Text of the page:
I pulled the opener’s plug, yanked its emergency release latch, lowered the door, and returned to bed; it was not a restful night.

The key to the diagnosis came from the little yellow LED on the back of the opener, just above the purple LEARN button:

Craftsman Garage Opener - indicator LED
Craftsman Garage Opener – indicator LED

In addition to indicating various programming states, it also lights when the opener’s radio receives a transmission from one of the remote controls. The LED was flickering continuously, showing that something was hosing the receiver with RF.

We have three remotes: one in the car, one on my bike, and one in the back room overlooking the garage. None of them worked reliably, suggesting the RF interference was clobbering their transmissions.

Disabling the remotes by removing their batteries (which were all good) also stopped the interference. Reinstalling the batteries one-by-one identified the rogue opener:

Craftsman Garage Opener - remote innards
Craftsman Garage Opener – remote innards

The slip of paper let me isolate the battery terminal and stick a milliammeter in the circuit, which showed the remote was drawing about 1.5 mA continuously. I thought one of the pushbutton switches had gone flaky, but swapping an unused one for the main door switch had no effect.

I lost track of which remote it was, but it lived in the car or the back room for all its life, so it hasn’t suffered extreme environmental stress. I have no idea why it would fail late one night, although I admit to not monitoring the LED on a regular basis. For whatever it’s worth, in the weeks leading up to the failure, activating the opener sometimes required two pokes at the remote, but nothing bad enough to prompt any further investigation.

A new cheap knockoff remote arrived in few days and it’s all good.

Protip: different openers, even from the same company, use different RF frequencies. For Craftsman openers, the color of the LEARN button is the key to the frequency; purple = 139.53753 MHz.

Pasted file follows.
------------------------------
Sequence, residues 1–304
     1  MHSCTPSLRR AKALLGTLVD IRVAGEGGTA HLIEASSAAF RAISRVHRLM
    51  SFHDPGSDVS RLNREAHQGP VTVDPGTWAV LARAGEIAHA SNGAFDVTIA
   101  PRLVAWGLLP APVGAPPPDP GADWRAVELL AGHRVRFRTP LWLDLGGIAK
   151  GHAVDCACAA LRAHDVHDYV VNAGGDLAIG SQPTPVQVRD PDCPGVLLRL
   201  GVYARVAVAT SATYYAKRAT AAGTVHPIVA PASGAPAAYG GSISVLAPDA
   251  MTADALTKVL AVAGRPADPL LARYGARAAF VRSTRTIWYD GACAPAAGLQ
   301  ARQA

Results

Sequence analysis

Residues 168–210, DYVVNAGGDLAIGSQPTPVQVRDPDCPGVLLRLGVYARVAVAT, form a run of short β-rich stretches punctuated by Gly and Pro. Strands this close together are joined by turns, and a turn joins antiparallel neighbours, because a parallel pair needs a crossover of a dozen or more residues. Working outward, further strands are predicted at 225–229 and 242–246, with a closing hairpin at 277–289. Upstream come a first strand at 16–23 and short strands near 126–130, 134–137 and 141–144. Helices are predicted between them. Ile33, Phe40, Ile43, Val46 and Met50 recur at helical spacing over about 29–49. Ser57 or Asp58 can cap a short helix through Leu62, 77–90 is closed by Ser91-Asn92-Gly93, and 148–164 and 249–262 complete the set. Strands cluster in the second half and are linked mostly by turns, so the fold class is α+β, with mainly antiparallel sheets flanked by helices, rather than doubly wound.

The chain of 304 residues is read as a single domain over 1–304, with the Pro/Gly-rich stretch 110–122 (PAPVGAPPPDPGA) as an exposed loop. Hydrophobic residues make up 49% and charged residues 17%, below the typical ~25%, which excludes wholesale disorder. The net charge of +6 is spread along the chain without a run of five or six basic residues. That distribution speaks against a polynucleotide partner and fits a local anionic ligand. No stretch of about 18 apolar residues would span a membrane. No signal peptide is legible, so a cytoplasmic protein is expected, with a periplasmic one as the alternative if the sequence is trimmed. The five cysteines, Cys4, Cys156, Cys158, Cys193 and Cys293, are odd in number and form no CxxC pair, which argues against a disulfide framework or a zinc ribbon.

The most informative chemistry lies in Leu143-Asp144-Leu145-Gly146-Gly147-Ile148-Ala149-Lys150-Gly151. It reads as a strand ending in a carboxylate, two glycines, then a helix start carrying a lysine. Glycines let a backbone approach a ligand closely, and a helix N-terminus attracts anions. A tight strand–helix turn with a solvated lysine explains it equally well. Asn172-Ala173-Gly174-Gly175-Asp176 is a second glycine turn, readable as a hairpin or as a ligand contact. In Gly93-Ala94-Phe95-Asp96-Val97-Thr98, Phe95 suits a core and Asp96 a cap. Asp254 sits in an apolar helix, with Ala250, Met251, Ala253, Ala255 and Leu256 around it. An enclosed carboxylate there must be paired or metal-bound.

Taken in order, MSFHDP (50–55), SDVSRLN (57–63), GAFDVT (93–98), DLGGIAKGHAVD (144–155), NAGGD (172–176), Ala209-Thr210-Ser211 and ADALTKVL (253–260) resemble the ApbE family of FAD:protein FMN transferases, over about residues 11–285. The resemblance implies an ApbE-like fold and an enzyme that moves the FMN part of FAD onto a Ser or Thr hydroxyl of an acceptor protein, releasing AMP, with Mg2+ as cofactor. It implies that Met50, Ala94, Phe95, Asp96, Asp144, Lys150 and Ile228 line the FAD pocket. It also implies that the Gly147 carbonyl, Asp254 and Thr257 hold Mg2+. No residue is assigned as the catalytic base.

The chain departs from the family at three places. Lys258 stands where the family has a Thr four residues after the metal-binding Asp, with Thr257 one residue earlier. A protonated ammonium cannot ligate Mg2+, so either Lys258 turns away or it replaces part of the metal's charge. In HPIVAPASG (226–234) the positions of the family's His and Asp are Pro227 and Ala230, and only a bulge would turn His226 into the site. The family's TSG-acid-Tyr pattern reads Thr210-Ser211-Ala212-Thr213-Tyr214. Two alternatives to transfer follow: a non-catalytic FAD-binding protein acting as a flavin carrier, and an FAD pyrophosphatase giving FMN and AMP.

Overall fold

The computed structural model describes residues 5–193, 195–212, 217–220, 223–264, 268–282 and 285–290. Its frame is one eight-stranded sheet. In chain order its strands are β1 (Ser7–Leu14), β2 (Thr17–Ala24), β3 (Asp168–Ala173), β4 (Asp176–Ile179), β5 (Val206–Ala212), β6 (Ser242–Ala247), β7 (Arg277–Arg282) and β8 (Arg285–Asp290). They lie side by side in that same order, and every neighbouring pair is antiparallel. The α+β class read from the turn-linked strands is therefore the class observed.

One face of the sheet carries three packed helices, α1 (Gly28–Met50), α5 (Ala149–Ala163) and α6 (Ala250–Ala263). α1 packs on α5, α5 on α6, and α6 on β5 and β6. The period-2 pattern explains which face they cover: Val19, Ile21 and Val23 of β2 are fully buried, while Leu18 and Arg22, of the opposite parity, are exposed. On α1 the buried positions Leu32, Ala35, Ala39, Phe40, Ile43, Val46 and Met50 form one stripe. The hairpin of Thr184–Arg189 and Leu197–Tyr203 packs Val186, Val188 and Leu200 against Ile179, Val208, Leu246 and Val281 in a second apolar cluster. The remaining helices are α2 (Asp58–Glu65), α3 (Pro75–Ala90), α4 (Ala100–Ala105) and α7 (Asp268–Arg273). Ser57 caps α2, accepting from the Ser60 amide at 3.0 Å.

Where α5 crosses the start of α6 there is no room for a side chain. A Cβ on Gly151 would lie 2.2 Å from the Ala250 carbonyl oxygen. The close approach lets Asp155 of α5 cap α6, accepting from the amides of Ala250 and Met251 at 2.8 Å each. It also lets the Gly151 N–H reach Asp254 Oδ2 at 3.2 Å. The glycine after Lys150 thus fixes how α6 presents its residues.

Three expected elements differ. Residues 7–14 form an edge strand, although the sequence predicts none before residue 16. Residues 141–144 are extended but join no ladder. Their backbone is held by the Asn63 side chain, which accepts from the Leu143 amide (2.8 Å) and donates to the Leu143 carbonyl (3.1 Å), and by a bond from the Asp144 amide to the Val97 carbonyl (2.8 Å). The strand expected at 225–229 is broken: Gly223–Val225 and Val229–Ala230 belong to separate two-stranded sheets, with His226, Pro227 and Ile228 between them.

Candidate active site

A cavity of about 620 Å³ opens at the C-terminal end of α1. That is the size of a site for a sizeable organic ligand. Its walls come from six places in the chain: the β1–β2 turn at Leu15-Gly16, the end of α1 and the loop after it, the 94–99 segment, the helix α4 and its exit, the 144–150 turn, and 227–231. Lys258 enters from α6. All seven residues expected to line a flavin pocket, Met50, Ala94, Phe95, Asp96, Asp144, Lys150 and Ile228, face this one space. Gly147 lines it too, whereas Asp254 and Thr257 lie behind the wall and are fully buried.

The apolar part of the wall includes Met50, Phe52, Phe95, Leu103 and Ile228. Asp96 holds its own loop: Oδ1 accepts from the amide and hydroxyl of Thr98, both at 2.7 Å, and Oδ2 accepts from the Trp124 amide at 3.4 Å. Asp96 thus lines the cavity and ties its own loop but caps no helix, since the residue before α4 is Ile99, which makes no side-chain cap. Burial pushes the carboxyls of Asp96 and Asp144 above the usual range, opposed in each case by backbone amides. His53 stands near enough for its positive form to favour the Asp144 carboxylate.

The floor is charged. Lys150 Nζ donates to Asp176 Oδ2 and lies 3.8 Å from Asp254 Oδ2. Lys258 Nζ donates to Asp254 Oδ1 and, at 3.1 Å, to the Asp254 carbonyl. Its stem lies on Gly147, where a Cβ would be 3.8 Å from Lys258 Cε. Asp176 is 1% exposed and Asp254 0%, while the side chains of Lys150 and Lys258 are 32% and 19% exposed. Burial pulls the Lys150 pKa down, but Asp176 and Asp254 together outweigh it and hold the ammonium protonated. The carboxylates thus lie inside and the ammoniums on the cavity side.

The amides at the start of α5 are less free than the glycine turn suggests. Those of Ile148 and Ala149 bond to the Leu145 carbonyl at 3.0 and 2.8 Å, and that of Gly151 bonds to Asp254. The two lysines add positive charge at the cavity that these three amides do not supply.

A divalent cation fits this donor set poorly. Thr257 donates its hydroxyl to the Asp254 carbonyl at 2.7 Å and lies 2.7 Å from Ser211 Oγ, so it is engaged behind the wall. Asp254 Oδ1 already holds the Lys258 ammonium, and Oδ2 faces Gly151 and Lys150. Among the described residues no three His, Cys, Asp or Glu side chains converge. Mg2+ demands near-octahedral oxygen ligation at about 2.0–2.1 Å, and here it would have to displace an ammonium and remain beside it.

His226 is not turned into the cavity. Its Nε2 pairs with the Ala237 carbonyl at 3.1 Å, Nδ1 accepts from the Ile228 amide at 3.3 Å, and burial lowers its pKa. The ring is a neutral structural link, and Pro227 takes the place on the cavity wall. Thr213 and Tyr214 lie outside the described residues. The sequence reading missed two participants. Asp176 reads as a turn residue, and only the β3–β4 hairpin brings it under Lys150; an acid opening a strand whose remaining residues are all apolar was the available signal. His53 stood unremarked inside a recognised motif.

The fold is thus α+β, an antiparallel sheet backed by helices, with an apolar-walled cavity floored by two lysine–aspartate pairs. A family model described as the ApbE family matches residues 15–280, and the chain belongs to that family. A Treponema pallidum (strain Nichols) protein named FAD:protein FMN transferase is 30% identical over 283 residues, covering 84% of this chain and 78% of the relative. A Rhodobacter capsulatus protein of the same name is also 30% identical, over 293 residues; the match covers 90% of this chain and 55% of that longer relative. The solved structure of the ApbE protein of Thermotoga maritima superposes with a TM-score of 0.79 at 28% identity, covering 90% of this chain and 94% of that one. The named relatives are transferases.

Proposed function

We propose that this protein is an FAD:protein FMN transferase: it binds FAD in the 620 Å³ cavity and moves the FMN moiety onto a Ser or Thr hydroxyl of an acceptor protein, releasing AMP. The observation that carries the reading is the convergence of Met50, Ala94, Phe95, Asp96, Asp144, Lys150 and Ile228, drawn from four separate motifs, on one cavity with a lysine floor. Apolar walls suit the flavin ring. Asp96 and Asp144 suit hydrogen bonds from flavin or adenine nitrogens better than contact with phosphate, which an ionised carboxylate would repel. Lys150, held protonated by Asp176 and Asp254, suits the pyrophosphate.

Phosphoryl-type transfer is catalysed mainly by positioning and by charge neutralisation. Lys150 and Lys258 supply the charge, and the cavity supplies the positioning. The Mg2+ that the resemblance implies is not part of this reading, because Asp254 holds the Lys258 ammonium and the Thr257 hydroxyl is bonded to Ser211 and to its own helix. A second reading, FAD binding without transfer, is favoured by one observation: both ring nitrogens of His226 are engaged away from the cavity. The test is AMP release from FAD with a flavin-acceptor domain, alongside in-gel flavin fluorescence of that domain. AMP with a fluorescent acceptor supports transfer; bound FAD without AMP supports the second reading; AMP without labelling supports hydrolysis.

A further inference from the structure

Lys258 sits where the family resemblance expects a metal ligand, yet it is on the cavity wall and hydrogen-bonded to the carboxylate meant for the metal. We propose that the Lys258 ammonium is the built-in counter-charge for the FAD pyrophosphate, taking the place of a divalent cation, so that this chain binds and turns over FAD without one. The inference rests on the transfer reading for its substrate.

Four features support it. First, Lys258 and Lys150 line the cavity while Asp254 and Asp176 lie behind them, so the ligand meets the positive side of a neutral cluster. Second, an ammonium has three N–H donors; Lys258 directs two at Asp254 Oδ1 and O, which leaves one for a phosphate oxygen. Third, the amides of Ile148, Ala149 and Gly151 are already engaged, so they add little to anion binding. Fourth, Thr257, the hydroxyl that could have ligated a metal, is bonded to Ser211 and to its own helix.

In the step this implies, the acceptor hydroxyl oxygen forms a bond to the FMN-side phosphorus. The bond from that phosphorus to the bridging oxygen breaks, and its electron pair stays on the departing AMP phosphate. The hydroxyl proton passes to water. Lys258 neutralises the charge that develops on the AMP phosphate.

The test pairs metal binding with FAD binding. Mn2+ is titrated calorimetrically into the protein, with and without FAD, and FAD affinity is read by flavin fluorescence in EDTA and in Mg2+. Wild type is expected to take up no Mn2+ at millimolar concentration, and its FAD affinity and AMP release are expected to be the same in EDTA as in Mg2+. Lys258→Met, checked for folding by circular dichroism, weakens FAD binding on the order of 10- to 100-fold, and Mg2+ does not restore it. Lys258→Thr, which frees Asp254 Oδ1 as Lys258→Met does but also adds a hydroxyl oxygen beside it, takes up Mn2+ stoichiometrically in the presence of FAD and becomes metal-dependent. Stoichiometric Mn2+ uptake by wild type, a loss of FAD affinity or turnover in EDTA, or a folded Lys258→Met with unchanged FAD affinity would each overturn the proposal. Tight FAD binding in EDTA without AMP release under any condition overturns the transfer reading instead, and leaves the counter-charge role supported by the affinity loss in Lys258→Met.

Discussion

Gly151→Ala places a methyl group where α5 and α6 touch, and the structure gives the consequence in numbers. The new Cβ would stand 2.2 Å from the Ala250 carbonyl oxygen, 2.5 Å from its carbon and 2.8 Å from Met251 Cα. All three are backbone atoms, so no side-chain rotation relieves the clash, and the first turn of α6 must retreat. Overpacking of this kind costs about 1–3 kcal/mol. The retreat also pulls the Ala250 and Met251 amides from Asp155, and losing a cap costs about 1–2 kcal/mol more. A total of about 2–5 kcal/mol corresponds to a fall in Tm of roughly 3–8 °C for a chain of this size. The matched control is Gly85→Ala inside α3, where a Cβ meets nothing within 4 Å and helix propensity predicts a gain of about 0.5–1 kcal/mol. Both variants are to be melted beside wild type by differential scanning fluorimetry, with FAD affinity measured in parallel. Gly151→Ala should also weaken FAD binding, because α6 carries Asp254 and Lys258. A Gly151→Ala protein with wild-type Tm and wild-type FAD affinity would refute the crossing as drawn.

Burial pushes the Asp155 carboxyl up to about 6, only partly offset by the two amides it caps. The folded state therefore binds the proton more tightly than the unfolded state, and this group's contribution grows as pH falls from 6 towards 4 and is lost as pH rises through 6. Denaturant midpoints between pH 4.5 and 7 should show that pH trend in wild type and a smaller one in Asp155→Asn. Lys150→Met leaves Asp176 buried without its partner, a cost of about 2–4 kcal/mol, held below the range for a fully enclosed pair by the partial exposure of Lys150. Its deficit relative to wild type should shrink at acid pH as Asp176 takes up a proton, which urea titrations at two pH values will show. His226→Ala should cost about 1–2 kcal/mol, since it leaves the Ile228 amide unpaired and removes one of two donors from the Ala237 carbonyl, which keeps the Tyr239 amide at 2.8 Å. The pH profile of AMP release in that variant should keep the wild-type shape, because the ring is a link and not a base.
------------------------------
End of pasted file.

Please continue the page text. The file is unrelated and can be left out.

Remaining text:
Eyeglass Case Padding

Zenni ships their glasses in a snap-close case with a fuzzy insert on the bottom, but after you unpack the cleaning cloth and suchlike, the glasses rattle against the hard plastic top.

Make trial fit prototype from thin cardboard and trace it onto a sheet of craft foam:

Eyeglass case foam padding - outline
Eyeglass case foam padding – outline

The pen, much favored by quiltists, has a white ceramic lead that washes out of dark fabrics. You can find a corresponding dark-lead pen, but I can use an ordinary pencil.

Use different colors for different glasses:

Eyeglass case foam padding - installed
Eyeglass case foam padding – installed

Then walk ninja-style again.

Protip: slip an address label atop the foam so a nice person can reunite you with your glasses, should they slip out of your pocket in the unlikely event you sit down anywhere other than in your house.

Eyeglass Nose Pad Adjustment

A new set of glasses arrived from Zenni with one of the nose pads totally misaligned:

Zenni glasses nosepad - as received
Zenni glasses nosepad – as received

Definitely a QC escape.

Start by removing the tiny screw and the nose pad:

Zenni glasses nosepad - socket
Zenni glasses nosepad – socket

Apply a metal bending pliers (with the concave jaw around bottom of the socket), twist until it lines up properly, then reinstall the pad:

Zenni glasses nosepad - aligned
Zenni glasses nosepad – aligned

No big deal if you happen to have the pliers. Bonus: apply Parafilm to prevent scratching the lenses, OK?

For what it’s worth, the latest set of four spectacles with high-index (not polycarbonate) progressive lenses in metal frames cost a bit over $200 delivered. The last time around, two specs cost a bit more than half that.

I’m satisfied with Zenni and EyeBuyDirect (although Luxottica borged EBD and they now push spendy “brand name” frames), but you must be ready / willing / able to apply final tweakage to whatever arrives.

On the other paw, I’ve been repairing Mary’s collection of full-frontal retail glasses for quite a while, because she’s frustrated with making multiple trips to have The Nice Man repeatedly apply final tweakage.